The Grinding Gears of CMS Regulation
Personal injury and no-fault payers should be aware of three key compliance issues.
As the Centers for Medicare and Medicaid Services (CMS) faces mounting pressure to address financial challenges, the agency is looking for methods to recover overpayments and ensure that it does not make a payment when a primary payer may be available. Consequently, the present landscape for settling personal injury (liability) and no-fault claims with Medicare and Medicaid beneficiaries is changing and becoming increasingly complex.
The following three compliance issues are currently affecting, or will soon affect, liability and no-fault payers:
• CMS is taking steps to implement a formal review process for Liability Medicare Set-Asides (LMSAs) and No-Fault Medicare Set-Asides (NFMSAs).
• States are enhancing their Medicaid Secondary Payer laws, and, as of Oct. 1, 2017, Medicaid will be able to recover 100 percent of dollars expended.
• Medicare Advantage Plans’ (MAPs) recovery rights for a double-damages action under the Medicare Second Payer Act (MSP) are expanding nationwide.
Writing on the Wall
CMS very clearly is taking steps toward creating a review process for LMSAs and NFMSAs. On June 9, 2016, CMS issued an alert that it was considering a voluntary review process for LMSAs and NFMSAs, and was seeking feedback from the industry on how best to implement this process.
Then, in its request for proposal for CMS’ Workers’ Compensation Review Contractor (WCRC), released in December 2016, the agency indicated that bidders would not only be reviewing Workers’ Compensation Medicare Set-Asides (WCMSAs), but also LMSAs and NFMSAs. The contractor will begin work on reviewing WCMSAs in the summer of 2017, but will not begin its review of LMSAs and NFMSAs until at least July 1, 2018.
The review of LMSAs, if adopted, would be broken down into two categories: A full review and a cursory review, based on settlement amounts. Full review cases would be subject to a review process similar to the one currently implemented for WCMSA submissions. A cursory review, meanwhile, would only ensure that all required documents were provided for an amount determination to be made.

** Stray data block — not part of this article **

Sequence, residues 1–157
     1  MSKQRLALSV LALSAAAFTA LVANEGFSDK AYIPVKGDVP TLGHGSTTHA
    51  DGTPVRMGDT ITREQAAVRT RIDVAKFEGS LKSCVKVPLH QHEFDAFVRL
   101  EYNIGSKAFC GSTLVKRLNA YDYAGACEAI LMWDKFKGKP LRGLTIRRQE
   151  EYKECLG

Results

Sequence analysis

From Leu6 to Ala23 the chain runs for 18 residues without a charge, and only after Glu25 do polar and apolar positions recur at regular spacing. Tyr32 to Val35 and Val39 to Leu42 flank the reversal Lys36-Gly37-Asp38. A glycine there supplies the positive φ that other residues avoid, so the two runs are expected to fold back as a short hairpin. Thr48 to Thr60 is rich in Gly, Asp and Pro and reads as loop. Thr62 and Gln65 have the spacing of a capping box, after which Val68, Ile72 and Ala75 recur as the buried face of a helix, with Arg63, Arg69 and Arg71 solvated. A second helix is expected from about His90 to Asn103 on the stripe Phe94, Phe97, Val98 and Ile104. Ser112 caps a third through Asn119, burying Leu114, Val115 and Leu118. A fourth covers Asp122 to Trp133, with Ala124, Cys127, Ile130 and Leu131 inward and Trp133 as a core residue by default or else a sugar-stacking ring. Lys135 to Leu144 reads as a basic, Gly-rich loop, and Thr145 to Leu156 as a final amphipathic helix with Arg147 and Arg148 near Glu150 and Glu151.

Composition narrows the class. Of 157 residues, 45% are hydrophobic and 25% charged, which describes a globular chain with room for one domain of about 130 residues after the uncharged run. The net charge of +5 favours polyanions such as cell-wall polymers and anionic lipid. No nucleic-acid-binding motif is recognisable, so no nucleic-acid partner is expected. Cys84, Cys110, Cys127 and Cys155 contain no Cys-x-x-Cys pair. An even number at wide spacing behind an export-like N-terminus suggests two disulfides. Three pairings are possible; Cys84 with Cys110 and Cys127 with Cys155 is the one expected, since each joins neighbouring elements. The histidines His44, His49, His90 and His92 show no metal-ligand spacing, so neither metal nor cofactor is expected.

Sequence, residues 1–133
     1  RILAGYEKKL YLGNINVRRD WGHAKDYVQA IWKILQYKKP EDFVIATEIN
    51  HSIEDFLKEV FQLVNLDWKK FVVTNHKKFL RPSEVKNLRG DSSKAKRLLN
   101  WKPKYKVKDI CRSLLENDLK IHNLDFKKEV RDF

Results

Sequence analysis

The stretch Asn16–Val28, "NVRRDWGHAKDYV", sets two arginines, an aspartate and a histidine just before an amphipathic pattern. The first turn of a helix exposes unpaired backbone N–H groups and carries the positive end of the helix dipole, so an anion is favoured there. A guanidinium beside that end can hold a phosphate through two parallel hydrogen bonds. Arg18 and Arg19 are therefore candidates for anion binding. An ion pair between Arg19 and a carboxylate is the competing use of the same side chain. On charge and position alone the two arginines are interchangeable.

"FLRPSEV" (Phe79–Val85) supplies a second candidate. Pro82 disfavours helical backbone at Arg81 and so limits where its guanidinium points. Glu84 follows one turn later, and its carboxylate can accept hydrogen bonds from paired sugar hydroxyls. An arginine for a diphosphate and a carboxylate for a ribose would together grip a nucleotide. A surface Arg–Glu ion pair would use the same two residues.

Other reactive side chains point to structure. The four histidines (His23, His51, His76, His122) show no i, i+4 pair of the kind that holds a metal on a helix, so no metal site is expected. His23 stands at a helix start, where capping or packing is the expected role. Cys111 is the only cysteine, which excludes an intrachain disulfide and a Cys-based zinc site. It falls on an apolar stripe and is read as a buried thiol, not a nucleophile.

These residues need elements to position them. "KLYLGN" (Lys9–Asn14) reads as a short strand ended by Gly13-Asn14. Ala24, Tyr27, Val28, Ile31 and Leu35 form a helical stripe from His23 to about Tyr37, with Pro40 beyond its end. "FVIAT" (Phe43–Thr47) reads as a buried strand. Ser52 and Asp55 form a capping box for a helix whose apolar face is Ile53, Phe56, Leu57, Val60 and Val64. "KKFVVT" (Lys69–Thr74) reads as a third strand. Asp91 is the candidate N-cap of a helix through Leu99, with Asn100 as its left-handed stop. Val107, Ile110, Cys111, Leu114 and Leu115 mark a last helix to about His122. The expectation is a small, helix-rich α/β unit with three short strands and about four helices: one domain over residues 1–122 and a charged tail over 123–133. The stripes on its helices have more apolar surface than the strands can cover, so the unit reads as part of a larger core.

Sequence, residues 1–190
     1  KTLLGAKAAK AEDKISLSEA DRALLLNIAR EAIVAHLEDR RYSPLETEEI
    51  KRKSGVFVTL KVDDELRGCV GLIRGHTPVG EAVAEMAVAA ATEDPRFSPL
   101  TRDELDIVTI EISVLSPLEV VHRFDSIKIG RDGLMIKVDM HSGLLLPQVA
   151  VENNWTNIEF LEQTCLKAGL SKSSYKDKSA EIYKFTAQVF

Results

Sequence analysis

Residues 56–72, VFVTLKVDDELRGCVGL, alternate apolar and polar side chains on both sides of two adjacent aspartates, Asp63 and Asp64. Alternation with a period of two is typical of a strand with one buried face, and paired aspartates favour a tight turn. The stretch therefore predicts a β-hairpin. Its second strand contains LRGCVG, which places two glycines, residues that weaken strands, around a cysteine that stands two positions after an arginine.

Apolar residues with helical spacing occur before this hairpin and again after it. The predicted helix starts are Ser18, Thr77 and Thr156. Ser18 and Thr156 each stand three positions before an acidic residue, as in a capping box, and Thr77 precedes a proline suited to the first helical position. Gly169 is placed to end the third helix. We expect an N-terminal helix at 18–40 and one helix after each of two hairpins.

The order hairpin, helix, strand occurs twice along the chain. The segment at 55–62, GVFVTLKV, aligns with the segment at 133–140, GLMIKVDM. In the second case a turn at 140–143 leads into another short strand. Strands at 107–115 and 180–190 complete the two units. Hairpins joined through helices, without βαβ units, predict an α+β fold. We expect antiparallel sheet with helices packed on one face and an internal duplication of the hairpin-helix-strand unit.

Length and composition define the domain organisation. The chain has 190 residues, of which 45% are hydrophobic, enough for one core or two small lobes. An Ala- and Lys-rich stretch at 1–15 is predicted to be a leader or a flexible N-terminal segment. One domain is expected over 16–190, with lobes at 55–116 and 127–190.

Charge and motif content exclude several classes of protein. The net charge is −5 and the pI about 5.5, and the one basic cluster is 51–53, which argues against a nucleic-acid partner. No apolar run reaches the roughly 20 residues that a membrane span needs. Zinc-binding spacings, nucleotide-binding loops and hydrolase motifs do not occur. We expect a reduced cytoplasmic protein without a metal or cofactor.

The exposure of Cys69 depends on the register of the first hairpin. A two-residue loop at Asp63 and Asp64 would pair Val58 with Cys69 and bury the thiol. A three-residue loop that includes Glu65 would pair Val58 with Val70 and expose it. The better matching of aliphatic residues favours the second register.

CMS estimates that as many as 11,000 or as few as 800 cases would require a full review, based upon industry response, while potentially 40,000 cases would require a cursory review.
Lastly, CMS recently issued documentation signaling that LMSAs and NFMSAs will be notated fields in CMS’ Common Working File (CWF). Effective Oct. 1, 2017, Medicare Administrative Contractors (MACs) will begin denying payment for services associated with an open LMSA or NFMSA record.
When settling a claim with a Medicare beneficiary, primary plans and their defense counsel need to understand the exposure and how to address it as part of the settlement agreement. Currently, the exposure under the MSP lies with the plaintiffs and their attorneys. If the settlement is greater than $750, then the settlement information and related diagnosis codes will be reported to Medicare through Section 111 data. Under the MSP, CMS can deny benefits to the beneficiary until the entire settlement amount is expended on medical care related to the claim that would otherwise be covered by Medicare.